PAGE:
You can buy Chrissy Merton's new book, Alice - A Journey, from the following site (click link below), £3.50 cheaper than from Amazon!

Alice - A Journey - a new auto-biographical account by Chrissy Merton based on a true story

Chrissy speaks about her experiences and the process of writing the book on video. Click the link below:

Video Interviews with the author.

Saturday, November 10, 2007


More exploration of the delights of wikipedia.


Thursday, September 13, 2007

wicked wicked problems

Yesterday the 2 sides of "the project" (the 2 sides being "NotReallyRelevant" and "EcstaticUnion" were brought together rather wonderfully for me by being introduced by a potential software development client to the concept of "Wicked Problems".

The following is reproduced from the Innovation Works web site.

  • You don't (fully?) understand the problem until you've developed a solution

  • There is no stopping rule (there's always a better solution if you have unlimited resources)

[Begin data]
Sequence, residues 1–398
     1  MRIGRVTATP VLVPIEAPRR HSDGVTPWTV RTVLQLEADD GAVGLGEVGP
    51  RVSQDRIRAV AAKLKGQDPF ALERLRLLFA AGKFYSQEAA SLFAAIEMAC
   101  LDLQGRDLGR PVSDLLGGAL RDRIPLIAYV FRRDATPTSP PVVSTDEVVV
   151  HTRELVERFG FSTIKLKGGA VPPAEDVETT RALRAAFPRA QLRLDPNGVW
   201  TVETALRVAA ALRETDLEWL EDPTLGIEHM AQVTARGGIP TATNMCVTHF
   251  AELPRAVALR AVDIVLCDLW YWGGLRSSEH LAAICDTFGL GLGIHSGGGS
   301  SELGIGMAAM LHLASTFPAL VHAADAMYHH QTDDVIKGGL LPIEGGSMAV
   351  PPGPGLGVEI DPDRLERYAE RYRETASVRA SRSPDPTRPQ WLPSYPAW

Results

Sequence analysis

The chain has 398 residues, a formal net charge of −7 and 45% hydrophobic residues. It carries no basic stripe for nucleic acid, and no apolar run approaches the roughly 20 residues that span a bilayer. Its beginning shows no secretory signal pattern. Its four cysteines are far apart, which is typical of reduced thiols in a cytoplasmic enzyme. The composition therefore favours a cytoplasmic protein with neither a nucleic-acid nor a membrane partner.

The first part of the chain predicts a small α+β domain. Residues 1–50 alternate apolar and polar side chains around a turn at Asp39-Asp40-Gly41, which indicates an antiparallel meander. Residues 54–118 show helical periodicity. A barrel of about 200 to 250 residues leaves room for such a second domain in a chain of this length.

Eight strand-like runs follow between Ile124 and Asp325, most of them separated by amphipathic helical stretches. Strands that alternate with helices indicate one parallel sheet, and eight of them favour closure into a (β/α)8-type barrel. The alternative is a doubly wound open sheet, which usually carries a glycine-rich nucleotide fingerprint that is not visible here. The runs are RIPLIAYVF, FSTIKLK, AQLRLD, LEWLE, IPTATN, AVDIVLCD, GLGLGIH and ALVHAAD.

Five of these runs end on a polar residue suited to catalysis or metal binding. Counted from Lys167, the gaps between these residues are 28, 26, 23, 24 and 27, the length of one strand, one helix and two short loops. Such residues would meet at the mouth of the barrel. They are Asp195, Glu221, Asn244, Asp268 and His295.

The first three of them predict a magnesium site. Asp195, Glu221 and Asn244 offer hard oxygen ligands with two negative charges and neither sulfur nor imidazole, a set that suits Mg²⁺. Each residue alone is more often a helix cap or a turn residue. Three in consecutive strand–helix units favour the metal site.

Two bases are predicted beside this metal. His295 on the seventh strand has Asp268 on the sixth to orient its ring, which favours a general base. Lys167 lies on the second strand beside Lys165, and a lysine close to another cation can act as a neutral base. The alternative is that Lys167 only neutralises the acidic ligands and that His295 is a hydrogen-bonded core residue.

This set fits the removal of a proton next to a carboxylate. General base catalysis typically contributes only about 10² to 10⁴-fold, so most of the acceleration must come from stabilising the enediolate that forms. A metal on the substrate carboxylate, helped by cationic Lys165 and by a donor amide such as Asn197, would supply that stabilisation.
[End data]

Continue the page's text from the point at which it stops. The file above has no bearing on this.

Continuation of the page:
• There is no right or wrong answer

  • Wicked problems are unique and novel (they may appear the same but small changes make everything different, like every project)

  • Solutions to wicked problems are one-shot; the solution redefines the problem

  • There are no given alternatives; solution A does not automatically define the alternative solution B.

Thursday, August 16, 2007

Questions Only Blog

As google, wikipedia etc. seem to have real downer about my "Questions Only blog", I thought I would mention it here... Also known as the "Is this a blog" blog, you can get to it by clicking the link above or via Wikipedia (click the little [1] in square brackets on this Wikipedia page Questions Only discussion on WikiPedia). Cheers.

Friday, August 03, 2007

Self belief

Thought for the day:
Self belief in the wrong hands is a very dangerous thing.

Thursday, June 07, 2007

Heather Cairncross is on MySpace!

Here's some exciting news! The serene vision of loveliness that is Heather Cairncross, whose voice has been interenationally celebrated and used on sound tracks of hollywood blockbusters like lord of the rings, now has a page on MySpace. Last time I checked there were at least 4 of her mellow recordings to listen to there - silky smooth. To me, Heather is like the Madonna of Jazz and Classical singers, packing enough sex appeal to make strong men drool. Certainly I have personally drooled.

Sunday, March 18, 2007

Looking on the bright side